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September 16th, 2019

Capturing the economic potential of food systems for the poor

Published by IDS,

This report (PDF) by the Institute of Development Studies (IDS) provides an overview of the evidence of the economic potential of food systems for the poor for the next ten years. Evidence shows that only the upper tier of small-scale farmers can access the more modern and commercialised food channels. Extreme poor groups will not automatically benefit from modernisation and commercialisation, but may benefit from the unrealised viable market potential within changing food system. Most of the jobs in developing countries in the food system are in rural areas, either directly in production links, or indirectly through the consumption demands for locally produced goods and services by farmers with incomes to spend. Most of the rural non-farm jobs are made up of services, rather than manufacturing. When women enter into agricultural value chains, the new structures of constraint include how those markets work to limit their bargaining power, exploit their effort, and ignore their responsibilities for the unpaid care sector. Commercialisation pathways within food systems could create mainly new (low-paid) non-farm jobs for women, while they are likely to be pushed aside on ownership of commercial farming activities. For policy it is of importance to get the mix right in relation to the ability of smallholder farmers in the food system to “stepping up” or “hanging in” (farmers not able to scale up and commercialise) farming activities. Further, to improve the low-wage structures and sometimes precarious working conditions in the food economy, governments should look at their labour policies. To increase better absorption in non-farm employment in the food system, continued investment is needed in productivity growth, infrastructure, access to finance, and higher education. Policies and investments that tackle gender-specific constraints and promote non-farm employment in food systems could have a particularly large impact on women’s economic activities and food economy development.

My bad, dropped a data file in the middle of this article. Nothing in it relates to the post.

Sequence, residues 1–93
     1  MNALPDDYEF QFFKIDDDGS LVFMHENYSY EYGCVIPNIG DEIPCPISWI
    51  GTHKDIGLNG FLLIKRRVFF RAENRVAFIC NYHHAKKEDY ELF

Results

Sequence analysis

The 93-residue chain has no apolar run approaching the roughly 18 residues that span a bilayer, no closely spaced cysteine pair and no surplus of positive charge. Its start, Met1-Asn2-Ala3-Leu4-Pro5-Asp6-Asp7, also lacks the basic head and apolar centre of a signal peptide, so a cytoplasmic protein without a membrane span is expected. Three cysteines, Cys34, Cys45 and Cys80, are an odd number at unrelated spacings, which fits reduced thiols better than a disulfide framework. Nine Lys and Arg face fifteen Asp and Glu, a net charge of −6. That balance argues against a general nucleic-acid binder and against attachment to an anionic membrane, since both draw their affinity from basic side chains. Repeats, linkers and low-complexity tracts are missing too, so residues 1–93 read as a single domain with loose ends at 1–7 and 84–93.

Curated from opendocs.ids.ac.uk